This situation has affected the plans of the universities and led to instability of the educational processes and has prolonged the students’ period of study before graduation, Khalifa added.
Khalifa’s view is supported by the annual report of the Scholars at Risk network’s Academic Freedom Monitoring Project Free to Think 2022 report, which indicated that Sudan’s military forces have violated students’ free expression through violent means in a bid to quell student anti-coup demonstrations.
In addition, the Sudanese military-led government dismissed all university boards and replaced 30 public university presidents and eight vice-presidents who had been appointed by the prior civilian-led government.
Hamad said that the removal of academics from their posts and restricting their freedom of expression and speech are examples of the violation of academic freedom that has been taking place after the military coup, and which has negatively affected academic research and debate.
“Actually, political disturbances also led to migration of thousands of Sudanese people including university professors,” Hamad said.
“The coup has also disrupted the academic year as most public universities were locked down for several months, as higher education academic staff and other non-academics stopped their teaching until the military-led government increased their salaries which was not matched with what was approved by the civilian-led government to face the rapid rise in the cost of life in Sudan,” Hamad indicated.
Hamad’s views are in line with a 2021 study, ‘The power of push factors on academic’s brain drain in higher education system in Sudan’, which indicated that the status of a university environment and lack of intellectual freedom, as well as the political atmosphere along with low wages and remunerations, have led Sudanese higher education institutions to lose a growing number of highly qualified professors.
Echoing Khalifa and Hamad’s views, Ali said: “The coup has had negative impacts not only on the political, social, economic and livelihoods but also on [the] higher education sector.
“Thus, I agree that the 25 October 2021 military coup in Sudan has negatively affected academic freedom, autonomy and performance of higher education institutions along with enhancing the academic brain drain,” Ali said.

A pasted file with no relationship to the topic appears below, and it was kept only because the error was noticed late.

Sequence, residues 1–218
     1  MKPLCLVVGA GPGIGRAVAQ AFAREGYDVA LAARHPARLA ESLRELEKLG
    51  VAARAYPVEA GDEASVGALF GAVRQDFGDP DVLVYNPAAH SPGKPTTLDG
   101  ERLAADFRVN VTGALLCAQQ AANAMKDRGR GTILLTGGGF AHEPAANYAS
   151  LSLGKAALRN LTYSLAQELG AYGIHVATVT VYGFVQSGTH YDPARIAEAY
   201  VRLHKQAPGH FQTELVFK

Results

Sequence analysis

Sudan is a weak performer in terms of its knowledge infrastructure. It ranks 19th out of 27 countries with low human development and 145th out of 154 countries in the Global Knowledge Index (GKI) 2021, which measures knowledge performance worldwide, using seven main sectoral indices, including higher education alongside research, development and innovation.
As a regional observer, Dr Kazeem Ajasa Badaru from the University of Fort Hare’ s East London Campus in South Africa told University World News that under military rule there is usually a gross abuse of fundamental human rights.
“The university staff would live in palpable fear to carry out their official duties. Students also would not be free to exercise their rights to certain freedoms of expression and association because military rulers do not entertain opposition or ‘ destructive’ criticisms. The university programmes have to be adjusted to the military junta’s ideology, whether it is suitable for citizens or not.
“The political debacle, instability, and ongoing chaos in Sudan do not augur well for its higher education institutions to thrive and function as expected,” Badaru said.
He warned that the current political situation would have “a debilitating effect on Sudan’s human capital development” if the country is not quickly returned to the path of democracy and good governance.
“Thus, the announcement by the Sudanese military leader, General Abdel Fattah Abdelrahman al-Burhan, to return the country to civilian rule would help boost the morale and confidence of the university staff and students to return to campuses without fears and harassment from the military,” Badaru indicated.
“As political stability and promotion of democratic values are imperative in the best interest of any nation, including Sudan, the international community should continue to mount pressure on the Sudanese military rulers until the country gets back on track with democracy,” Badaru concluded.